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Crude Oil



Crude oil is typically obtained through oil drilling, where it is usually found alongside other resources, such as natural gas (which is lighter, and therefore sits above the crude oil) and saline water (which is denser, and sinks below). It is then refined and processed into a variety of forms, such as gasoline, kerosene, and asphalt, and sold to consumers.

Although it is often called “black gold,” crude oil has ranging viscosity and can vary in color to various shades of black and yellow depending on its hydrocarbon composition. Distillation, the process by which oil is heated and separated in different components, is the the first stage in refining.

History of Crude Oil Usage

Although fossil fuels like coal have been harvested in one way or another for centuries, crude oil was first discovered and developed during the Industrial Revolution, and it’s industrial uses were first developed in the 19th century. Newly invented machines revolutionized the way we do work, and they depended on these resources to run. Today, the world’s economy is largely dependent on fossil fuels such as crude oil, and the demand for these resources often spark political unrest, since a small number of countries control the largest reservoirs. Like any industry, supply and demand heavily affects the prices and profitability of crude oil. The United States, Saudi Arabia, and Russia are the leading producers of oil in the world.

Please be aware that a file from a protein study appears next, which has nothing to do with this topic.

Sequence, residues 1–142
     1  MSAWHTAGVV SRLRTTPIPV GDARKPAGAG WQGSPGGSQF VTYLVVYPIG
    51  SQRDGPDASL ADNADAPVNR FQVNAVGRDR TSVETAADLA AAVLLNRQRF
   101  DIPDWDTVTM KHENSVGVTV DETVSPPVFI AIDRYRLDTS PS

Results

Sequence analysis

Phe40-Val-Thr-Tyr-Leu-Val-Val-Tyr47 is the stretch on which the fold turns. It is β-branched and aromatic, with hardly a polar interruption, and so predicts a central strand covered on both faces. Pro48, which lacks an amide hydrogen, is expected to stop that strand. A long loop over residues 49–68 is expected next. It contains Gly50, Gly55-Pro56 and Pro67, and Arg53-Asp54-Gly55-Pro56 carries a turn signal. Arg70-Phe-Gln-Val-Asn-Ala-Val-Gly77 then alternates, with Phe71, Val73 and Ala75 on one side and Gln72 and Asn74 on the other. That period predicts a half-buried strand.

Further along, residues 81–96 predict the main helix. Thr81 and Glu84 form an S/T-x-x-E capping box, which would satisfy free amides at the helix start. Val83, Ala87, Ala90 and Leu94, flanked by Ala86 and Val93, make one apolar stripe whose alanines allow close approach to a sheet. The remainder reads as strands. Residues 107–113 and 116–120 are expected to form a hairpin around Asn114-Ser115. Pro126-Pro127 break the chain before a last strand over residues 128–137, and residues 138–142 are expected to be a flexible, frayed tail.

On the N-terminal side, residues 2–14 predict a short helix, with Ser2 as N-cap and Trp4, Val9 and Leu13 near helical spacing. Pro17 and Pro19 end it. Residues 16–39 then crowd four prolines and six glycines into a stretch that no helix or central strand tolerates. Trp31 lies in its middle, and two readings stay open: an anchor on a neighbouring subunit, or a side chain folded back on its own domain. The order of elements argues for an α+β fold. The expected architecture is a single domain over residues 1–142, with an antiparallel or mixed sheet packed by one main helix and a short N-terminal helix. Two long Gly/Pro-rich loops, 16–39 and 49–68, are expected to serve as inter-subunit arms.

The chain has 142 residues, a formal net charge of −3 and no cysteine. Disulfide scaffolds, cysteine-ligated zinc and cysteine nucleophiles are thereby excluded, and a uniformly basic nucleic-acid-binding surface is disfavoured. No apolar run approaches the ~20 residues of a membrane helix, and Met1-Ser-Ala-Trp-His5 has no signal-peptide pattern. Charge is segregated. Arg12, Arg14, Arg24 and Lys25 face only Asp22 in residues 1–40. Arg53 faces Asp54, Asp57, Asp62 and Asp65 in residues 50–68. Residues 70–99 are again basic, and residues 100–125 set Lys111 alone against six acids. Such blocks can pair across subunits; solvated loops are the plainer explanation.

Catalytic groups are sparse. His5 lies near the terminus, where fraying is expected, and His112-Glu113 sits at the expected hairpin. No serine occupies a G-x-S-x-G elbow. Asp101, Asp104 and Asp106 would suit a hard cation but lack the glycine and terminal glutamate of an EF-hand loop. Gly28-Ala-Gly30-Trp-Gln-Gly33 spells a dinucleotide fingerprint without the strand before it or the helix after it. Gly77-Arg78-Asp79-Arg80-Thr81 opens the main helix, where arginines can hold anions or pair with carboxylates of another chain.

The Organization of Petroleum Exporting Countries (OPEC), which consists of the worlds largest producers of crude oil by volume, used to be the most influential oil producers in the world, and as such, they had a lot of economic leverage in determining supply and therefore oil prices. In the late 19th and early 20th centuries, however, the United States was one of the world’s leading oil producers, and U.S. companies developed the technology to make oil into useful products like gasoline. During the middle and last decades of the century, U.S. oil production fell dramatically, and the U.S. became an energy importer. In the early 21st century, the development of new technology, particularly hydro-fracturing, has created a second U.S. energy boom, largely decreasing the importance and influence of OPEC. (For more, see How Does Crude Oil Affect Gas Prices?)


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